By Jack D. Young, Early American Coppers (EAC), and the Dark Side Group ……
I had the opportunity to participate in The Coin Show’s Live “Mega Hangout” on Saturday, December 23, 2023, and in it I mentioned how the counterfeiters continue to mix and match obverse and reverse dies to make new counterfeits, and that I had seen a new dollar variety just that week.
The “coin” I mentioned was an 1874-S Trade Dollar; the obverse matches exactly the one used for known counterfeit 1874-CC Trades Dollars in fake “PCGS” holders.
And even in these documented “CC”s, there are two different reverses used!
The seller listed the “S” example twice, but it ended both times, so it’s still out there somewhere…
The next images are of the two known counterfeit 1874-CC Trade Dollars.
These two share a common obverse but use two different reverses, as seen in the mint mark:
The new “S Variety” uses a different reverse but the same obverse; many obvious common marks between them!
The new reverse has a number of interesting markers that may be used for other similar fakes:
Just a note, I have NOT found this counterfeit reverse in any current internet searches!
And the “twist”?
Taking a quick spin on the internet after the ball dropped, I found not only my first fake of 2024 but also another undocumented (by me, anyway) counterfeit dollar variety.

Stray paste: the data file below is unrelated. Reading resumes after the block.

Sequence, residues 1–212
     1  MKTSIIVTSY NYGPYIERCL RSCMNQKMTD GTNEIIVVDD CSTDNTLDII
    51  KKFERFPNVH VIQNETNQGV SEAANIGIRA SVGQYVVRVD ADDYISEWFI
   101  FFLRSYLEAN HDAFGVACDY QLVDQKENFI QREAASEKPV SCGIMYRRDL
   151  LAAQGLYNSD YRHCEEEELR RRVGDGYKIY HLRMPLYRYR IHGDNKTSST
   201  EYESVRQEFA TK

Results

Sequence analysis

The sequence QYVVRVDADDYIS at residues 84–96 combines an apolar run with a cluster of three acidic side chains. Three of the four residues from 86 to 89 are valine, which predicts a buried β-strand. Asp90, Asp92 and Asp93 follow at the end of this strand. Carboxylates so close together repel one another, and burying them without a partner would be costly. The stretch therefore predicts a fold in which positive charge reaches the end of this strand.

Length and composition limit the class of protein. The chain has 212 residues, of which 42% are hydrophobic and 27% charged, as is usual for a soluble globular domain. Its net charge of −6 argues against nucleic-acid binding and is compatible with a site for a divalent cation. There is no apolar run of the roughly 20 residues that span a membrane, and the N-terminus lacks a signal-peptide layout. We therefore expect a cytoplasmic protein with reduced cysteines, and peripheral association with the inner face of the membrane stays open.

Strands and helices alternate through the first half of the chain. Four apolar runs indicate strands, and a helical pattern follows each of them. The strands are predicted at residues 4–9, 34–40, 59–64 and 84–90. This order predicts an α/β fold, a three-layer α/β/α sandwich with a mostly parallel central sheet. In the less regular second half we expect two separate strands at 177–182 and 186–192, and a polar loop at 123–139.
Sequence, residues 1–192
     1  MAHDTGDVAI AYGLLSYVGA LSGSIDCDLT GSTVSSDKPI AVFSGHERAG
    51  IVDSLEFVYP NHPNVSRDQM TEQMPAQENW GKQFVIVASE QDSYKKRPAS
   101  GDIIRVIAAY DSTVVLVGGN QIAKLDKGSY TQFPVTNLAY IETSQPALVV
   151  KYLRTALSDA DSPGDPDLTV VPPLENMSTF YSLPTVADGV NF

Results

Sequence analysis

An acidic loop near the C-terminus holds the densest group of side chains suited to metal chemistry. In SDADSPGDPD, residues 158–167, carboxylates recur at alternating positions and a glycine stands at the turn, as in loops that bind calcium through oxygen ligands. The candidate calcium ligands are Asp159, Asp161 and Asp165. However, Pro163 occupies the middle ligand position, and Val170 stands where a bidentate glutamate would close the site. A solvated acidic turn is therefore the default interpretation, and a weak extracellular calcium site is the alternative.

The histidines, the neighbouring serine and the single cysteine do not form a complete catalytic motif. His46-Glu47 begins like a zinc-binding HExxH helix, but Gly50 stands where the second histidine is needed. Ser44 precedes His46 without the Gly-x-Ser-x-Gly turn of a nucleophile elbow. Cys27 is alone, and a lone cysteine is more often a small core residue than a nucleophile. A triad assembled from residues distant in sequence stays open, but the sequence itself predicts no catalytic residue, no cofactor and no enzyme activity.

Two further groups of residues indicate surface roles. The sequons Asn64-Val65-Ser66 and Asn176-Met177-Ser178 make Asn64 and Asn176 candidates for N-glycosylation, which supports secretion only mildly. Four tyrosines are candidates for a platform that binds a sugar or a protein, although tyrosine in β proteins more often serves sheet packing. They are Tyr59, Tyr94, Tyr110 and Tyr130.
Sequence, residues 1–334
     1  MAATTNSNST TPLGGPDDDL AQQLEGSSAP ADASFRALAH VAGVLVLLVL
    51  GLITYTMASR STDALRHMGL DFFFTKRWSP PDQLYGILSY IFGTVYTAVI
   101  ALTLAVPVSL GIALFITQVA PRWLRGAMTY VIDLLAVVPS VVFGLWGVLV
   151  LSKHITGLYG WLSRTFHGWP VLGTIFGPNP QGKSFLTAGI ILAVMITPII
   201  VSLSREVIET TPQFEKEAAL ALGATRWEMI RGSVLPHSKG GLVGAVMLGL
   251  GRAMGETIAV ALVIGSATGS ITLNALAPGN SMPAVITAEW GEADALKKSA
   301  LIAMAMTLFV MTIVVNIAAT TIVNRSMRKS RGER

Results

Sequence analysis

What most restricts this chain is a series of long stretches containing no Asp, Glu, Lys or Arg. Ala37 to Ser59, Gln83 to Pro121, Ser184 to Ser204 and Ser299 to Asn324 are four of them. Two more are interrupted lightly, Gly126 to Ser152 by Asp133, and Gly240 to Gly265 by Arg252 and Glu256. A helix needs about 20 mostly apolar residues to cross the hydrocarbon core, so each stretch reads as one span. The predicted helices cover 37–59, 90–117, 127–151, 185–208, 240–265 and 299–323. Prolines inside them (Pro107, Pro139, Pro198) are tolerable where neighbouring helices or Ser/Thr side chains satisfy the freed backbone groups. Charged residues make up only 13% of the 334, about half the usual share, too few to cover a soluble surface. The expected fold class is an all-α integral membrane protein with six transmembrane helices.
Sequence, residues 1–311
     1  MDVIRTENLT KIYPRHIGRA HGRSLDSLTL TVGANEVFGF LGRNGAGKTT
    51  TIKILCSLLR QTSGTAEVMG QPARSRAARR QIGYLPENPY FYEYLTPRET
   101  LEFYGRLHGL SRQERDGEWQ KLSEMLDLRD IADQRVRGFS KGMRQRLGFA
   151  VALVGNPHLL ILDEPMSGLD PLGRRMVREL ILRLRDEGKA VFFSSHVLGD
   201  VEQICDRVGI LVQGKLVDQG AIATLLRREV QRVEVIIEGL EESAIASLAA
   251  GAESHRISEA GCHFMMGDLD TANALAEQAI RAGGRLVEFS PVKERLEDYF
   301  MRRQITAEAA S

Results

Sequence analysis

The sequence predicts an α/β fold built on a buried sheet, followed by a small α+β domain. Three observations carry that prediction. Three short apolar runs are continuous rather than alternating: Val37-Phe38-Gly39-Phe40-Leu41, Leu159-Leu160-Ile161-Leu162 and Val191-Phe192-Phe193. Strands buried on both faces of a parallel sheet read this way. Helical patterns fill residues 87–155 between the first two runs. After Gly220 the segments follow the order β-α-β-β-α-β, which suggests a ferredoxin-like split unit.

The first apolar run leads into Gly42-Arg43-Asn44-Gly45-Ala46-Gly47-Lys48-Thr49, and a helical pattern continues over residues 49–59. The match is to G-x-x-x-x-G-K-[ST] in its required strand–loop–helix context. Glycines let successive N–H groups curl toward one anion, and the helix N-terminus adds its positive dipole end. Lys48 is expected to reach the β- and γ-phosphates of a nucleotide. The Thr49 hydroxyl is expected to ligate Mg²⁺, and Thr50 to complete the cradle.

The seller had actually listed it and then revised the images and price; I saved the best images available from the two.
As a reference, I wrote a fourth CoinWeek “Family Counterfeit” article previously, one based on the 1799 B-10/BB-163 Large Eagle reverse dollar. Both obverses and reverses matched for all the different dated coins in that group, ranging from 1798 to 1804.
This latest example uses a different obverse, and it’s the first time that I’ve seen a counterfeit 1802/1, but it still appears to use the 1799 reverse.
Pictures are just good enough to see the fake date is a pretty good attempt on this one. But again, the reverse doesn’t match any of the genuine varieties known!
Images as included follow: an obverse comparison to the closest genuine 1802/1 variety BB-232, and an image comparison to the genuine 1799 BB-163 reverse.
I can’t stress enough how important ATTRIBUTION is in these evaluations; I consider it the first line of defense against the growing number of counterfeit varieties.
The bad 1802/1 listing was ended with no sale; unfortunately, the seller had another example also listed. Images were worse for this one, but it’s still clear that it’s yet another bad apple.
This listing was ended as well, but it’s just a matter of time before we see them again!
Best as always,
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